Fairhope's ACE Survey Results

  “Fairhope has never had a strategic plan,” Mayor Tim Kant said at a recent Alabama Communities of Excellence meeting held at the Fairhope Civic Center on Friday September 6, at 9:00am. “We tried it a little bit four years ago and it kind of got stopped but now we are actually going to have one, I hope, when we get through with this in the next eight months. Our comprehensive plan, we are in the process of updating that, looking at what we can do to improve that.”
The Alabama Communities of Excellence is a non-profit organization designed to assist communities in achieving long-term economic success by providing them with technical assistance. The ACE program recently increased their maximum population requirement to 18,000 from 15,000 to be able to accept Fairhope as an applicant. Communities of at least 2,000 may apply and ACE selects communities for participation based on the level of local commitment and the individual community’s ability to support the ACE program.

“There are nine members from all over the state that are here today,” Mayor Kant continued. “We’ll break off into some groups in the areas that you are interested in to kind of fine tune some of the questions that came about from the time they actually got the surveys. They kind of want to fine tune a little bit to find out what certain things mean because they are not from Fairhope and they would like to know. Yesterday they took a great trip. I think they spent two hours touring all of Fairhope so they went as far as the airport, north all the way up to Montrose and everything in between. They looked at the good, the bad and the ugly so that we can move forward to make all Fairhope feel like we’re all one community.”
The survey contained 15 questions and 2 comment sections. Approximately 500 people, 3% of the city’s estimated population, completed the survey resulting in the highest participation rate of the communities currently going through the ACE two-year program. Approximately half of those in attendance at the meeting completed the survey. Residents had until August 9 to submit their opinion. Some of the statistics learned from calculation of the surveys are:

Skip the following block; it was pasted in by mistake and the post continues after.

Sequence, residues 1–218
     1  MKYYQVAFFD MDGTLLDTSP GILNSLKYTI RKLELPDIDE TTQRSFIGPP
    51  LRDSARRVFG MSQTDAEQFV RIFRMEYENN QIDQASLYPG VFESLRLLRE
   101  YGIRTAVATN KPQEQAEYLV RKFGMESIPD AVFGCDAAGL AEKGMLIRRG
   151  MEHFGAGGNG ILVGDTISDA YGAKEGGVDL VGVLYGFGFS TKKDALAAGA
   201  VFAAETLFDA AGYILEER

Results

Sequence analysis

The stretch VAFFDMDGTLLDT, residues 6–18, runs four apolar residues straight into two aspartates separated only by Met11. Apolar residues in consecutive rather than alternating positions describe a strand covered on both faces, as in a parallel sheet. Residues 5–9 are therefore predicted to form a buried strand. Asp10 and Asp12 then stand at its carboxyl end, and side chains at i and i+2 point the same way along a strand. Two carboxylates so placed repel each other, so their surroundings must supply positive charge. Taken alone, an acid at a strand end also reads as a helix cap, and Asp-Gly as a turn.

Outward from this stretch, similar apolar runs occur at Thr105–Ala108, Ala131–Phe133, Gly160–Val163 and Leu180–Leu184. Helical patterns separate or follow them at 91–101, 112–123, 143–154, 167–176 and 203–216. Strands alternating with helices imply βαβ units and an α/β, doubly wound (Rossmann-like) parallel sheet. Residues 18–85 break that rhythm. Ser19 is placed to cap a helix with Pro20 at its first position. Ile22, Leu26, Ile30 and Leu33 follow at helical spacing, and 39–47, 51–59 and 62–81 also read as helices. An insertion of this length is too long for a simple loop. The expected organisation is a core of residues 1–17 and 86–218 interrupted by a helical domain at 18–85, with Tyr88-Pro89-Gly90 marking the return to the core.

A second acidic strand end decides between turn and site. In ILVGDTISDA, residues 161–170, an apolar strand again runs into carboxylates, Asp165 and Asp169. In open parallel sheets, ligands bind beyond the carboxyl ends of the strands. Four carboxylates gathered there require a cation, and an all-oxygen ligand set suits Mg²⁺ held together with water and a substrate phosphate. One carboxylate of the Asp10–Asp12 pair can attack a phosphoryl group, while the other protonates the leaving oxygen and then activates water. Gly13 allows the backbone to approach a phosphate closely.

67% believed in the Community Leadership
39% were unsure if leaders represented their vision for the city
62% approved of the city’s zoning department
49% believed zoning was consistent in subdivision regulation
91% find city entrances attractive
75% believed municipal services were adequate
63% were unsure if the economic development plan shared their vision
51% support economic growth for the city
76% thought the K-12 school program is successful
93% are happy with areas offered by the city for gathering
97% identify with an annual festival held in the city

When asked if the surveys were available for public record and if the firm had more information than was presented at the meeting Brandon Bias, Community Planner at Goodwyn Mills and Cawood and presenter at the meeting, replied, “The results will be published as part of our final report… It was a simple Google form that we plugged all of this information into and honestly, the tool didn’t work the way we, it’s hard to distinguish individual comments so really we have this mass of comments of information, but each question had a fairly similar chart that it produced to give us a range of answers. Some of the more qualitative stuff, the questions with responses, has taken us a while to go through because 500 of those responses was tremendous. But a lot of that information will be rolled into our final report.”
Atmore, Brewton, Thomasville, Jackson, Evergreen, Gulf Shores, and Foley are currently ACE Communities with a total of 26 active in Alabama, according to Bias. This is the first time in two years the program has accepted applicants. Alexander City, Elba, Helena, Rainsville and Saraland are currently going through the ACE program along with Fairhope.

 The nine members present were Mary Shell, Alabama Historical Commission- Candace Johnson, University of Alabama Center for Economic Development -Sydney Hoover, University of Alabama/ACE -John Chamberlain, Infirmary Health -Jose Llanas, PhD. Economics, Auburn University Professor-Kelly Black, Monroeville, Monroe County Economic Development Authority- Diane Burnett, South Alabama Regional Planning Commission- Yolanda Devine Johnson, The J Devine Company-Brandon Bias, Community Planner at Goodwyn Mills and Cawood.